The other four Northern dailies (Maitland Mercury, Northern Daily Leader, Grafton Examiner, Northern Star) cooperated as they had done since the 1920s through the Associated Northern Dailies. This provided a joint marketing platform. They and the other generally locally owned New England papers also cooperated through the Country Press Association, an active and influential organisation representing the independence and interests of the country press.

As I said with the previous post, this is not a history post. However,this brief background sets a context for my discussion of Michael's comments.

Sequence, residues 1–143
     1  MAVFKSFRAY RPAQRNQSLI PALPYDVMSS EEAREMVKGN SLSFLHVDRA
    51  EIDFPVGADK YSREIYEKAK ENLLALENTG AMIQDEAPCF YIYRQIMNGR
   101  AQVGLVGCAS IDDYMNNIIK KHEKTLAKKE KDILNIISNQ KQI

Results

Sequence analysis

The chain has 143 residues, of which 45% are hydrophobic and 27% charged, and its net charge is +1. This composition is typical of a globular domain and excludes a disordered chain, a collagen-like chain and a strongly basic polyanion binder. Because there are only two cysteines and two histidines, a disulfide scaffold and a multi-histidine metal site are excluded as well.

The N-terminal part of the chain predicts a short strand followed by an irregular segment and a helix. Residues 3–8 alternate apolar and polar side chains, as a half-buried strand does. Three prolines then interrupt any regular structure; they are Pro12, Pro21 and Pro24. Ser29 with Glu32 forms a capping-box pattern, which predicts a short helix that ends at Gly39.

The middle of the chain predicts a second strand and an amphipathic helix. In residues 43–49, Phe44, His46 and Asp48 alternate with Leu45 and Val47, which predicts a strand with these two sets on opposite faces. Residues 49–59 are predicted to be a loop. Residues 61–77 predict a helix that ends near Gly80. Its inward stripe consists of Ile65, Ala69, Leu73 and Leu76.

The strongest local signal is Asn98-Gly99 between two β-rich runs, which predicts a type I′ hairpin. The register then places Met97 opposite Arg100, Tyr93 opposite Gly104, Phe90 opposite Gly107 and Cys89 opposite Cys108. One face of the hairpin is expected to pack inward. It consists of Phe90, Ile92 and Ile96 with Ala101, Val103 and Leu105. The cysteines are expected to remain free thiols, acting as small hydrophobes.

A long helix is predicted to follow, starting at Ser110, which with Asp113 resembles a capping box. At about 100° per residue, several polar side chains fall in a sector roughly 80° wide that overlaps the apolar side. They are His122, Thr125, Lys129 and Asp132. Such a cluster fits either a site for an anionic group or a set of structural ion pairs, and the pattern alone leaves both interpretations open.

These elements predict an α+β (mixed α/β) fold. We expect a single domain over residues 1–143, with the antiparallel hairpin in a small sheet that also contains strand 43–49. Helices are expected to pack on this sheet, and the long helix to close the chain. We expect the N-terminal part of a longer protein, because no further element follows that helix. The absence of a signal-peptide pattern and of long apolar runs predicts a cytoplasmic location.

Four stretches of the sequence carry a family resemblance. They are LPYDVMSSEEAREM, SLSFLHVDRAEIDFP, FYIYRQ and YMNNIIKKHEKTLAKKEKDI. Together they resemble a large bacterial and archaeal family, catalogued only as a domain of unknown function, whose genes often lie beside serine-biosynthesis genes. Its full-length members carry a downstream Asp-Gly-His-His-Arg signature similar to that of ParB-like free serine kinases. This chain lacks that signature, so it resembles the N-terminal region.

Michael wrote:

Country papers: Rural Press has cut them to the bone and introduced syndicated content which nobody wants to read. Their niche is local news. Those papers that also own the web space will do well.

Michael's comment here is the tip of a rather large iceberg.

Both Rural Press and APN Regional have been very profitable entities, yielding better returns than the major dailies. This return has been based in part on their local monopolies, in part on their business models.

The New England and country press and, more broadly, the country media have not always been so profitable.

The press operated as a business, but they did not see their key roles in business terms. They had to make money, but the delivery of news and the representation of the local community was the key, not a constant increase in shareholder returns.

All the New England media - press, radio and later TV - faced similar commercial difficulties.